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How To Help Dogs In Mourning

by Karen Rhodes, Family Dog Consultant

 

When my brother passed away the family comforted each other but then there was ‘the dog’. He was inconsolable, refused food, toys, attention… what to do?

 

I was touched by the photo of President George W. Bush’s service dog lying quietly by the casket, I thought about my own faithful dogs and how my family could help them...

 

Any of us who have had the blessing of dogs in our lives are fully aware of their loyalty and their instinctual reactions to our changing emotions. Sensing our grief, fear, surprise, stress and every other human feeling, our dogs provide unconditional loving support.

 

They reach out to us with wagging tails, soulful eyes and warmth as we process events in our lives: joy, sadness, grief, elation, playfulness, hunger, anger, confusion, fear and love.

 

We recently lost my brother to a long cruel illness. His human partner who was grieving herself was quick to notice his beloved canine companion was crushed beyond consolation. The dog was by his side through the entire illness, watching my brother’s failing health and suffering. When he passed, his dog barked incessantly at the medics who were attempting to revive him and when he was carried off in the ambulance, his dog ran to the window, frantic as the EMT transport drove away. The dog was pacing for hours as the family waited for the results of the rescue.

 

In the days following my brother’s death, his faithful “boy” was not eating and was extremely lethargic and unresponsive, even when offered his favorite foods, toys and activities. His mourning was severe, inconsolable.

 

Eventually my brother’s girlfriend got the dog to eat. She insisted he take walks and then he seemed eager to visit places he once went with my brother. However, weeks later he still paces from the window to the door waiting for his owner to come home. Hopefully they will be reunited one day.

 

Years ago my father owned a rescued Doberman Pinscher. The dog, Butch, was his constant companion. Their journeys often brought them to my home where Butch would play with the dogs I had at the time but he was always aware of my father’s presence and followed his requests sometimes with just a glance.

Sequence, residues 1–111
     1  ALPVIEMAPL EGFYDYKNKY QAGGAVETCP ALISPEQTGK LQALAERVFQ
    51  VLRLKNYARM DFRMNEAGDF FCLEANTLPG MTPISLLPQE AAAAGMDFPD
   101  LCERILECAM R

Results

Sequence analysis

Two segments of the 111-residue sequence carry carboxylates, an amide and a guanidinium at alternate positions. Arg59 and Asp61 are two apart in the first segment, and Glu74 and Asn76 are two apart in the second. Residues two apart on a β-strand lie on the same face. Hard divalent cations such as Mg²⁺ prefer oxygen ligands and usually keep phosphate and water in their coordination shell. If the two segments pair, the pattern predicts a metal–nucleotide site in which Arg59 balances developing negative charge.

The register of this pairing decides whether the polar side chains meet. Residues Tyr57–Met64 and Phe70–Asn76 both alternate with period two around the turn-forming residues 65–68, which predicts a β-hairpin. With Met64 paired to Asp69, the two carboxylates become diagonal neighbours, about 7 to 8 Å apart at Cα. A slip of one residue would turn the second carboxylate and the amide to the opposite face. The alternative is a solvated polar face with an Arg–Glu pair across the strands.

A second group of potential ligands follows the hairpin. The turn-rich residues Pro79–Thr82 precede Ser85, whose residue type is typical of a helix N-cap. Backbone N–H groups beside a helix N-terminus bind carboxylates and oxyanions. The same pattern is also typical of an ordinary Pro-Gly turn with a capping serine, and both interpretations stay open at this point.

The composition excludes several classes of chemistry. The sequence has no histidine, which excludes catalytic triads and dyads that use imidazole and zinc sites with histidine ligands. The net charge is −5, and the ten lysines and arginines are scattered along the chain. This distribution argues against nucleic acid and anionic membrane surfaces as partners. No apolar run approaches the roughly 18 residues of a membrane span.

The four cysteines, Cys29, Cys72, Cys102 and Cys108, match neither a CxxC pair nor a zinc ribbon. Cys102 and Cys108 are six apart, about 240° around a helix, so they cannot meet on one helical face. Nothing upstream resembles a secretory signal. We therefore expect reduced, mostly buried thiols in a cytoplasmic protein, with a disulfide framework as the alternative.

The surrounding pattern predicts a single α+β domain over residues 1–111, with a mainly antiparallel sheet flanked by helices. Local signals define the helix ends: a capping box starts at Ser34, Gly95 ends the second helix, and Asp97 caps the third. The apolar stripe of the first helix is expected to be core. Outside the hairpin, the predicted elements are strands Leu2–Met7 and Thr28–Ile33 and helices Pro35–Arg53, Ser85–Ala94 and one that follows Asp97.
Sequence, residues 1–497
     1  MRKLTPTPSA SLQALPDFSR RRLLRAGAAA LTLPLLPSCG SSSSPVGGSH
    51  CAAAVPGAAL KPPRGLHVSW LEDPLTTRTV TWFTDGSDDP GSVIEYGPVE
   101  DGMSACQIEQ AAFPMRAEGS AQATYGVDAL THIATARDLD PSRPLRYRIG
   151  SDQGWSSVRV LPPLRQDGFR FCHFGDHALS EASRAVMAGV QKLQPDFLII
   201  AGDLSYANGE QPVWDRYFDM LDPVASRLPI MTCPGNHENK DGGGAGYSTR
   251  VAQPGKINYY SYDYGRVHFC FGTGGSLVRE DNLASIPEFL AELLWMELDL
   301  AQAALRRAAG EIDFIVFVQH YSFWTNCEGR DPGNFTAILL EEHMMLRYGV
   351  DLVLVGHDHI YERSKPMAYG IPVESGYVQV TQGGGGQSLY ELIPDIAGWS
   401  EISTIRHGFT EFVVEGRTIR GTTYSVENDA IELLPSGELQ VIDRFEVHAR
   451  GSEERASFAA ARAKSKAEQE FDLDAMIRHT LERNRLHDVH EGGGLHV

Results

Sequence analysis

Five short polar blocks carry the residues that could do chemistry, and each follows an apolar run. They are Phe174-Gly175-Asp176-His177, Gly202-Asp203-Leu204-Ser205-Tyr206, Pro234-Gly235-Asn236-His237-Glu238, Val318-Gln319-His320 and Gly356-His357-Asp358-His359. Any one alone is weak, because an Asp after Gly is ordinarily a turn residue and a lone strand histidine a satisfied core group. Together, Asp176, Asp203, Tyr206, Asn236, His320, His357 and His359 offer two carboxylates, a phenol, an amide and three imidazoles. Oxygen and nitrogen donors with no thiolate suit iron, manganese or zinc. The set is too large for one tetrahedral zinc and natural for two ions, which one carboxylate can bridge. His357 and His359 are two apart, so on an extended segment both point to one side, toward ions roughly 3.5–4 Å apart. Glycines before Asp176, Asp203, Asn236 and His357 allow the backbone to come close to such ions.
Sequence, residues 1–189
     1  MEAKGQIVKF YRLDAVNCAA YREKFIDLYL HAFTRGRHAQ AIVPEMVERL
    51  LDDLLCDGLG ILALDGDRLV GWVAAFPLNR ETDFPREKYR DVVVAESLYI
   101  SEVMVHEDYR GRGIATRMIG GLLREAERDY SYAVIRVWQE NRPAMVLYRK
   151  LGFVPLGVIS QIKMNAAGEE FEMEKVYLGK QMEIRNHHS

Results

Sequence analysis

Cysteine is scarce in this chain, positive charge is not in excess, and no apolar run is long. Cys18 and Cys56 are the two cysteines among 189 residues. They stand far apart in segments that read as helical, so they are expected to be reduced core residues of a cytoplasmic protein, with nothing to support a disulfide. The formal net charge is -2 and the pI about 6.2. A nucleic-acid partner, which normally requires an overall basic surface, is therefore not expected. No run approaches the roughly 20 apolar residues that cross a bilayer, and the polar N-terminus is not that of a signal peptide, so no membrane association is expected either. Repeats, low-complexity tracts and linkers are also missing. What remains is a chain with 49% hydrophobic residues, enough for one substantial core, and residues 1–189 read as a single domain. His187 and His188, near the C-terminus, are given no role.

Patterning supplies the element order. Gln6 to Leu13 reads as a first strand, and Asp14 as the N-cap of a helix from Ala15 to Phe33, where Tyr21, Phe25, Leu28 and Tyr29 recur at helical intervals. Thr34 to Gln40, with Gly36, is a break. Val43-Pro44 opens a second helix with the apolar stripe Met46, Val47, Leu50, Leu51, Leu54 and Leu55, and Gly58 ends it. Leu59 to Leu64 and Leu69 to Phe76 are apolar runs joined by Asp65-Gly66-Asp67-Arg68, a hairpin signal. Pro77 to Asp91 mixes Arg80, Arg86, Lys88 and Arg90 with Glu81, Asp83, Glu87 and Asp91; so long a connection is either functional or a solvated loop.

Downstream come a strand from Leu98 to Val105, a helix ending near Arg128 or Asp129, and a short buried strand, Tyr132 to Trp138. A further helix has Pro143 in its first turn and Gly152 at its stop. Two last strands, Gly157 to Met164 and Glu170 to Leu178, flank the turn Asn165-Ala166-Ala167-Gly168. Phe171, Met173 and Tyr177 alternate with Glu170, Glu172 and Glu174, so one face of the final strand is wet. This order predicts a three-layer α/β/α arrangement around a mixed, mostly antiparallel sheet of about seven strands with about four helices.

When Dad passed, Butch who was in his later years, refused to eat. He rejected even favorite foods the two had shared together when they watched their favorite television shows. Butch would not rise from his spot on the couch, his heart was completely broken. Several days after his complete shutdown Butch began passing blood in his urine. Kidney failure. Knowing Butch and my father were never to be separated, we had Butch cremated and added to Dad’s urn, so they could enter the afterlife together.

 

In more recent times I was hospitalized for several months in another state, miles from my beloved pups. How I yearned for their snuggles and their love. Being so far away and having medical issues which entailed certain precautions it was impossible for my dogs to visit me. Finally, following major surgery, I returned home. The dogs were so excited to see me they needed to be in another area until they calmed down. When we were reunited they did not leave my side for hours.

 

The comfort they gave me was indescribable. Who has not been comforted during a difficult time by the loving eyes and warm fur of a beloved companion? They too are “family” and they understand… without pressure, just love and patience.

 

While caring for them was physically difficult at the time it was good for all of us to get back in a routine. I realized something so important that it compelled me to write this.

 

The need, the desire and the act of caring for something else besides my own needs gave me strength and purpose. And doing it must do something for our animals.

 

I have observed other animals grieve; elephants, horses, cattle and cats, each with their own language. Even people who don’t have animals can have the capacity to understand the concept and open up to the fact that animals have feelings and communication techniques which relay these emotions.

 

Learning to “speak dog” can bring you closer to your canine, increase your loving bond and help them through times that may otherwise go unnoticed. Even if you haven’t experienced a difficult day, hug your dog, spend some comfort-time with your pet and remember their instinctual ability to process our human emotions are extraordinary.

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